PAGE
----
In recent years, an increasing number of American pharmaceutical giants have ventured into Mexico for a simple reason: it is a neighboring country with a highly skilled workforce where the costs of research and production are considerably lower than the US.
As a result of a series of reforms between 2009 and 2011, Mexico has removed many regulatory bottlenecks to facilitate the manufacturing of pharmaceutical products by foreign investors in the country, accelerating the flocking of Western generic makers and brand drug developers to Mexico.
Familiar multinational names such as Sanofi, Bayer, and Novartis have had a long presence in Mexico. Johnson & Johnson and Pfizer, two pharma giants whose names are often heard in the news these days in relation to COVID-19 vaccines, also have a strong presence in Mexico. All in all, some 770 economic units of various sizes and description are currently active in Mexico, according to the National Institute of Statistics and Geography (INEGI).
Although pharma giants sometimes use Mexico as a production hub for international markets, the nation's domestic market is their primary focus. In parallel with economic developments in Mexico, life expectancy is increasing. And, as the nation's population approaches 150 million by 2050, the country's elderly will be more in need of medications than ever.
In addition to therapeutic pharmaceutical products, which are mostly in demand by the elderly, the demand for vitamins, minerals, and other nutritional supplements is also increasing as the size of Mexico's middle class continues to grow. Indeed, the percentage of health expenditure in the GDP has been growing at a steady rate toward the end of 2010s, reaching 6.3% of the GDP in 2020.
Mexican citizens spent over USD26 billion on pharmaceuticals in 2020, showing a 100% increase since a decade ago. As the fight against COVID-19 continues in 2021 and national vaccination programs are launched everywhere, Mexicans will likely spend even more on pharma products this year.
Mexico is also an ideal gateway for many anglophone companies to enter the markets of Latin America. Being a neighbor and regional business partner of the US, and a major Spanish-speaking country with a huge cultural influence over the rest of Latin America, Mexico has long acted as a buffer between businesses from the English-speaking world and Latin America.
Mexico continues to serve as a hub for international pharmaceutical companies, while its own citizens, too, benefit into the bargain. First, it is estimated that the access of general population to their required medication will increase rapidly, growing from 65% in 2012 to 77% in 2016. What is more, it is estimated that the pharma industry has directly created around 65,000 jobs in the country—mostly for the nation's highly skilled workforce specializing in pharmacology, organic chemistry, and process engineering.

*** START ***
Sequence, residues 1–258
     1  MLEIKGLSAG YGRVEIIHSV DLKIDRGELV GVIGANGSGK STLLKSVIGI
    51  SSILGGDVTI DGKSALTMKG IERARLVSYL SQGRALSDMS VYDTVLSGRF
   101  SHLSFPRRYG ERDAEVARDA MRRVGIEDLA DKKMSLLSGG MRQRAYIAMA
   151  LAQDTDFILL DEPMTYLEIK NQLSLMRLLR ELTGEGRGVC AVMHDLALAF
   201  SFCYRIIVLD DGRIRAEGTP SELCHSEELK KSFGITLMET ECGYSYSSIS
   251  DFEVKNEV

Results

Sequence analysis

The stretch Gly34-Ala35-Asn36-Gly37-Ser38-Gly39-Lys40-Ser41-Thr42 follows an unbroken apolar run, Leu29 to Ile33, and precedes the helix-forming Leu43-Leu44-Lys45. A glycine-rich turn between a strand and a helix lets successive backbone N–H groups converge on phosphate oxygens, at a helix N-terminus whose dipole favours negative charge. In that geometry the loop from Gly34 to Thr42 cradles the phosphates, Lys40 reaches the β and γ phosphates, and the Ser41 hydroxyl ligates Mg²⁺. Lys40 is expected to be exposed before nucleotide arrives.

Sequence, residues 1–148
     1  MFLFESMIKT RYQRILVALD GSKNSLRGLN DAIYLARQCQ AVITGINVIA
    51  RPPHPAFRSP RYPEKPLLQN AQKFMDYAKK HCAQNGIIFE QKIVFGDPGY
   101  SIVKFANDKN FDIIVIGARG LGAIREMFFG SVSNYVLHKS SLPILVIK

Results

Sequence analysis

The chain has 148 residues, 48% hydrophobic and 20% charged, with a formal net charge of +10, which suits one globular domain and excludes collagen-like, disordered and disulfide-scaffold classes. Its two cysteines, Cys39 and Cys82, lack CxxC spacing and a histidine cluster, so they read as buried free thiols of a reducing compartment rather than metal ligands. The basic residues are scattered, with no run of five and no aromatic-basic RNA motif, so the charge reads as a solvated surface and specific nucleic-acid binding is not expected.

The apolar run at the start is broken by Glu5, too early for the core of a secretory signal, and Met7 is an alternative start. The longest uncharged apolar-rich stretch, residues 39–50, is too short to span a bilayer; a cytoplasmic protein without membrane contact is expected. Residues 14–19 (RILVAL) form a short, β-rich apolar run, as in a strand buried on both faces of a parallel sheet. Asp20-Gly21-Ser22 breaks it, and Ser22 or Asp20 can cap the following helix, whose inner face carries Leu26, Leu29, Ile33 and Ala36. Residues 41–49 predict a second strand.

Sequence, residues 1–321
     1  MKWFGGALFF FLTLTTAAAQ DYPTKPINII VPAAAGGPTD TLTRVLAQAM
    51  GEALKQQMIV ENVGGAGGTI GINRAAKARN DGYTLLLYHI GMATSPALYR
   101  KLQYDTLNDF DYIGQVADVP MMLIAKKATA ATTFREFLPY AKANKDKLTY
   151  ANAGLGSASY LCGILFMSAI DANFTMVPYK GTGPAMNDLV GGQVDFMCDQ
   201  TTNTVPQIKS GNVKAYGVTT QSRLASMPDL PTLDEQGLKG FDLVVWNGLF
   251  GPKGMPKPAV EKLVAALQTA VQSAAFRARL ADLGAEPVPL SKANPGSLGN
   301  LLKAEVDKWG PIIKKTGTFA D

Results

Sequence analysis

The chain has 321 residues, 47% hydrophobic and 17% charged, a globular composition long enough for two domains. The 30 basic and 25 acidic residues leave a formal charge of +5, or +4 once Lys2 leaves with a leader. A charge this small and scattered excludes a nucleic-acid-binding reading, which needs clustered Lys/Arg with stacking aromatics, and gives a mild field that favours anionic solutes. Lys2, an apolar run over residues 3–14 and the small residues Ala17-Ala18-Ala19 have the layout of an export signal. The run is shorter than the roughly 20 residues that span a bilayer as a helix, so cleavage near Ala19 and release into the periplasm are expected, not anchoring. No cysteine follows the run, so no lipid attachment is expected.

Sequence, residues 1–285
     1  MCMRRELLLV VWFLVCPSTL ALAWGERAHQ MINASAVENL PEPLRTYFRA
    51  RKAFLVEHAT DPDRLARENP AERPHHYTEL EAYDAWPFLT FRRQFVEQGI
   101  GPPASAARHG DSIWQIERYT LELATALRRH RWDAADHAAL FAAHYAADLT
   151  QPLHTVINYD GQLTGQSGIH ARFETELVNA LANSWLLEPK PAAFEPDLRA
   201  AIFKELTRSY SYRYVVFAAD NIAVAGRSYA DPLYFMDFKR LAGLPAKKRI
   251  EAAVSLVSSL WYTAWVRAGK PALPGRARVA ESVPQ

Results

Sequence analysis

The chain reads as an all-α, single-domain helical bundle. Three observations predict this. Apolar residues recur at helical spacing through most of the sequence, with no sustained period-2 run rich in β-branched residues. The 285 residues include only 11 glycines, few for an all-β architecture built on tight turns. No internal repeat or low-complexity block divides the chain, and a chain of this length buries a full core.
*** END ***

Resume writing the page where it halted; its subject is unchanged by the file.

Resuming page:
In addition to American companies, Mexico's pharmaceutical sector is learning from the experiences of pharma manufacturers in India, who have made a name for themselves across the world as highly affordable generic makers. Two Indian major pharma companies, namely Ranbaxy Laboratories and Wockhardt Limited, have invested in the manufacturing of generic drugs in Mexico for domestic use as well as exports to the Latam region.
With the localization of the pharmaceutical industry in Mexico, the country will soon earmark a larger percentage of its pharma output for exports. Aside from transnational companies that are manufacturing drugs under license, many native companies are also operational in the country.
Senosiain and Sanfer, for example, are 100% Mexican companies whose market share has been on the rise in recent years. Once the pharmaceutical industry is fully localized in Mexico, the country can become a regional manufacturer of generic drugs in the Latam region, much in the same way that India is supplying most of Asia with pharmaceuticals.
Mexico's proximity to the US is certainly a good thing for the industry, but the Mexican pharma industry can form partnerships with companies from other countries, too, as it was noted earlier.
“For us, it helps that we are next to a country like the US that has a large pharmaceutical industry. But it still has molecules that we do not have access to. Usually, the development of new molecules takes place in the US, the EU, China, and India,” Melissa Rosales, Director General of RM Pharma, told TBY in 2019.
In the early 2020, and with the COVID-19 pandemic getting out of control, Mexico further focused on the robustness of the local pharmaceutical sector. Industry players in Mexico have started teaming up with pharmaceutical companies outside the US.
A number of new partnerships were formed in 2019 and 2020 between Mexican companies and Indian generic drug developers, including a major deal between the state of Hidalgo in Mexico and six Indian generic makers. The deal will open the Mexican market to Indian companies such as Zydus Cadila and Glenmark, among others, while strengthening the local pharmaceutical supply chain.